Tomorrow you wake up with psychic abilities. You know that you will have an engine failure in your pawnee[?} precisely 30 seconds after take off. For some inexplicable reason you take off.

do you:

(1) keep it at 50 feet at a high speed until the 30 second mark, or:
(2) keep it in a best rate of climb until the 30 second mark, thence adopt the best glide speed.

The arguement can equally be applied to a twin - substitute the best glide with the Vyse.

that is a simple way to look at it, and was really what the discussion was originally about.

regards

cs

PS - Tor - do you climb at blue line speed if you have 2 engines? Surely you climb at Multi engine Best rate...that gives max height in min time...unless your a/c they are one and the same?



------------------
Those who restrain desire do so because theirs is weak enough to be restrained.
William Blake

HPSOV 14th Aug 2000 13:48

I reckon that in that circumstance youd definately take the height over the speed.
In that 30secs in a Pawnee youd get say 500ft (wild guess?) which would give you enough height to pick the best place to put back down. In addition you would be in a glide descent which would allow you to judge when you will hit the ground much better than if you were trying to judge when you would run out of speed.

KIFIS 14th Aug 2000 14:31



I rest my case.

KIFIS


Tor 14th Aug 2000 16:29

compressor stall

Yes that would of course be multi BROC-speed assuming normal operation. You guessed right, I'm currently flying PA34 and yes BROC and S/E BROC are both 105mph.

Anyway I completely agree with you - I'd go for no. 2 option (who wouldn't). I think KIFIS (perhaps) missed the point and thought that some were saying that height was more important than any airspeed at all.

Tor

[This message has been edited by Tor (edited 14 August 2000).]

JJflyer 14th Aug 2000 22:23

Fly low and slow ...

JJ

Luftwaffle 15th Aug 2000 01:48

... and be sure to slow down for sharp turns. :)

David Osborne 16th Aug 2000 11:41

I can't believe what I'm reading either.

Please tell me that these postings are NOT by real airline pilots.

Every schoolboy knows that a conventional aeroplane achieves height by virtue of its forward horizontal motion creating lift.

Also every schoolboy knows that acceleration is not speed, it is the rate of increase in velocity.



KIFIS 16th Aug 2000 12:37

GOSH:

I thought speed was the thing that keeps you alive.

KIFIS

FatEric 16th Aug 2000 17:04

Simple really
A320 FCOM - Windshear drill is to pull back on the funstick as far as it will go. Speed can decay to below vls but no probs. Book says nothing about maintaining speed.

Tor 16th Aug 2000 17:23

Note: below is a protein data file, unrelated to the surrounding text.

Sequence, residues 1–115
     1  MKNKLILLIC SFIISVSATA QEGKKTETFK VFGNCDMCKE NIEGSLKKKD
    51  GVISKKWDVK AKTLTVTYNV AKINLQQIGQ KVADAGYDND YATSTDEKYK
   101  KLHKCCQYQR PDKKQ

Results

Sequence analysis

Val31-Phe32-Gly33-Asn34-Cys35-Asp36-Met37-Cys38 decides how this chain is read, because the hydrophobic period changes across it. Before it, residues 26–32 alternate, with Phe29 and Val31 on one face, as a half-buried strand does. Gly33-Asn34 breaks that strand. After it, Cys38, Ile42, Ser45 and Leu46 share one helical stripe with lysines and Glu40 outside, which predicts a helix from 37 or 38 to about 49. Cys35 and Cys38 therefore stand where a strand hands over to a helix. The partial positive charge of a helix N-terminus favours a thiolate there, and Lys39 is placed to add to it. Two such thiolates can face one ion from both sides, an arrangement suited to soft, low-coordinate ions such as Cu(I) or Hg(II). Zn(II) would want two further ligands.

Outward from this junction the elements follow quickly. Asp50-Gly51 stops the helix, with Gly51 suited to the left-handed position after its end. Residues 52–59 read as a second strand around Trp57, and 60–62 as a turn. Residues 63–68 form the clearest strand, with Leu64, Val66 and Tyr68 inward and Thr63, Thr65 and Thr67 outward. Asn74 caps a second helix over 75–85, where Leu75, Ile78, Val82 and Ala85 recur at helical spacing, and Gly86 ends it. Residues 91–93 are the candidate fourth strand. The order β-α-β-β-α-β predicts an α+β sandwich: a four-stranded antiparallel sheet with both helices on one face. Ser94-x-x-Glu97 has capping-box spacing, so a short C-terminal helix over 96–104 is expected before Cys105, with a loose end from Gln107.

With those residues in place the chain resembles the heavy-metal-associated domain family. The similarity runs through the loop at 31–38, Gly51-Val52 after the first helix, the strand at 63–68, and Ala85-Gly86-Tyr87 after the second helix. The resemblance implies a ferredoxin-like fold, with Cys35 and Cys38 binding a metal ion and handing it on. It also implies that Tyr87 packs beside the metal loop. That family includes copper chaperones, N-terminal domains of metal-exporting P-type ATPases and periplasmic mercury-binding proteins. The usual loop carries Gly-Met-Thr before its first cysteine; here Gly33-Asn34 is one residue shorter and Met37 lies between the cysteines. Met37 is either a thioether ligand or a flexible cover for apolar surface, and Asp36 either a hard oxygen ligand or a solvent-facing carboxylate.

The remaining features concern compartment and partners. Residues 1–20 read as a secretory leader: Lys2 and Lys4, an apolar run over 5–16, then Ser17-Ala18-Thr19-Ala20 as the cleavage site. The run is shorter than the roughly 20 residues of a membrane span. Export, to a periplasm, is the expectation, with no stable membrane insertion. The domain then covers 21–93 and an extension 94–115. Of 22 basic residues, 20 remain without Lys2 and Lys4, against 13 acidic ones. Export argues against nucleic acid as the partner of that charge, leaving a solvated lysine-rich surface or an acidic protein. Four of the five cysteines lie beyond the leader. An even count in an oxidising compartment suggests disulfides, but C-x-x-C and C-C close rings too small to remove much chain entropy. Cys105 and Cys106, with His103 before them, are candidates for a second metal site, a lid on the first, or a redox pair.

Posted by: David Osborne
I can't believe what I'm reading either.
Please tell me that these postings are NOT by real airline pilots.

Every schoolboy knows that a conventional aeroplane achieves height by virtue of its forward horizontal motion creating lift.



Actually then every schoolboy is wrong. Lift only counters the weight of the A/C. What makes it go up or down is either excess thrust or a deficit of thrust respectivly. Thats basic aerodynamics - I guess thats too much to ask a schoolboy to know anyway :).



Also every schoolboy knows that acceleration is not speed, it is the rate of increase in velocity.



Yes but if the A/C is standing still on the RWY, don't you have to accelerate to achieve a certain speed?

That is exactly what this is about - do you want to keep accelerating or start climbing. You only have a certain amoungth of energy so how do you want to use it?

Tor



[This message has been edited by Tor (edited 16 August 2000).]

HugMonster 16th Aug 2000 18:01

Actually, Mr. Osborne, acceleration is rate of change of velocity. A small difference, perhaps, but a significant one.

Speed is a one-parameter variable. Velocity has two parameters - speed and direction, since it is a vector. In this way, an object circling a point (e.g. conker on a string) is maintaining a constant speed but, since its direction of travel is constantly changing, it is accelerating towards the fulcrum at all times.

Next, when an aircraft departs the runway, its horizontal acceleration is decreasing, but its speed is still increasing. Part of the upwards motion is trading horizontal kinetic energy for upward, part is lift action from aerodynamic surfaces.

But enough of this rubbish. The point most people have made is that after problems on lift-off, you get the aircraft to the speed at which it is aerodynamically most efficient. This could be considered to be two different speeds, however. If you have objects to clear, you would aim for best angle of climb, until clear of the objects. Once that is achieved, trim forward for best rate of climb. In a simple piston twin, this is blue line speed. Any speed in excess of these figures is simply wasted, and possibly disastrously so. First and foremost in your mind should be to get the aircraft away from the ground.

Put simply:- Nobody ever collided with the sky.

[This message has been edited by HugMonster (edited 16 August 2000).]

Tinstaafl 17th Aug 2000 00:51

I might add:

Given an angle of attack indicator & appropriately calibrated data, who cares about speed/velocity?

After all, it's the angle of attack of the wing that is of paramount importance and all these speeds are just ways of trying to describe an appropriate AoA under a given set of conditions - typically 1 g.

It's easy to demonstrate unstalled flight at less than the 1g stall speed, which is the one quoted in the manual. Some of course also quote a speed for a given Angle of BANK, but even that is still based on an Angle of Attack.

[This message has been edited by Tinstaafl (edited 16 August 2000).]

compressor stall 17th Aug 2000 18:02

David,

RTFQ :)

------------------
Those who restrain desire do so because theirs is weak enough to be restrained.
William Blake


All times are GMT. The time now is 05:21.


Copyright © 2021 MH Sub I, LLC dba Internet Brands. All rights reserved. Use of this site indicates your consent to the Terms of Use.